Guadalupe Mejia, fresh from a shower, flipped on the 10 o’clock news the evening of April 2, 1998, as she waited for her hair to dry. The reporters told of the brutal stabbing deaths of a husband and wife in the Bucktown neighborhood of Chicago and the kidnapping of their two young children. The story might have otherwise dissolved into the thrum of her evening routine until a picture of a 3-year-old boy appeared onscreen. Guadalupe turned to wake her husband. That boy was right upstairs, living with Guadalupe’s sister-in-law, and had been since what Guadalupe now realized was the day of his parents’ murders.
Guadalupe quickly dressed and headed up to her sister-in-law’s apartment on the floor above. The scene that she found there would set in motion a criminal investigation, allegations of police misconduct, and, almost two decades later, a mayoral inquiry, which was recently completed but whose implications may be debated for years to come.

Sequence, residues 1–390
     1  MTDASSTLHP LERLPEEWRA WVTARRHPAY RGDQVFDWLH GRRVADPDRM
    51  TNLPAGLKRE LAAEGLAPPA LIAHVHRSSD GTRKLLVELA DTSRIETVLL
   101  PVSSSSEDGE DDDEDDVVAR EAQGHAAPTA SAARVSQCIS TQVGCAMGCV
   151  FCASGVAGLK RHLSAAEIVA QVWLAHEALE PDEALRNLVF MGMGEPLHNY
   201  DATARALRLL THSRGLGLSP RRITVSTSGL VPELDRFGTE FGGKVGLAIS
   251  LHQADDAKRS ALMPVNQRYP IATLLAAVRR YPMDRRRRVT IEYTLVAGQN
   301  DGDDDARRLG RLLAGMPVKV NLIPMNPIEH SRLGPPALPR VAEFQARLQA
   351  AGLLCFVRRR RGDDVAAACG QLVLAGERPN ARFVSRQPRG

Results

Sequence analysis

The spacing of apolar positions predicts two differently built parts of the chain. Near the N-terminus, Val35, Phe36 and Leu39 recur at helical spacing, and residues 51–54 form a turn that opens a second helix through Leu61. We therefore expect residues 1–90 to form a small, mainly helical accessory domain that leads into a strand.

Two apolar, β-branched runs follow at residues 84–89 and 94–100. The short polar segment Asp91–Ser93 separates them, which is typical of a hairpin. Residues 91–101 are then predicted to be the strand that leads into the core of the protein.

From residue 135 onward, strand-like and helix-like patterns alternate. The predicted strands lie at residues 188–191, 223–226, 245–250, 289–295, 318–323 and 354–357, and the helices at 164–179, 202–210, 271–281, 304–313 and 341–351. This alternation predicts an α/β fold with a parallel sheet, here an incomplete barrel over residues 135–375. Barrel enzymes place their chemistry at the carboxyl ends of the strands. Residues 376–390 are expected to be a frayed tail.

Adriana Mejia, the sister-in-law, lived there on the first floor with her husband and several other people from their hometown in Mexico. As Guadalupe later told investigators, she confronted Adriana with the news and told her to take the boy to the police. Adriana resisted. They argued until 1:30 a.m., when Adriana’s husband returned home from the swing shift at a local cardboard company. He heard about the boy’s picture on the news and made a decision: The boy was going to the police station. Now.
Before leaving, he told investigators, he asked two of his housemates, who were also arriving home after late-night factory work, if they could accompany him.
The three of them waited at the station for more than two hours for a Spanish-speaking officer to meet with them. Exhausted, one of the roommates lay down on the station floor and said something that, depending on the reading of the case, could be construed as either an admission or an omen.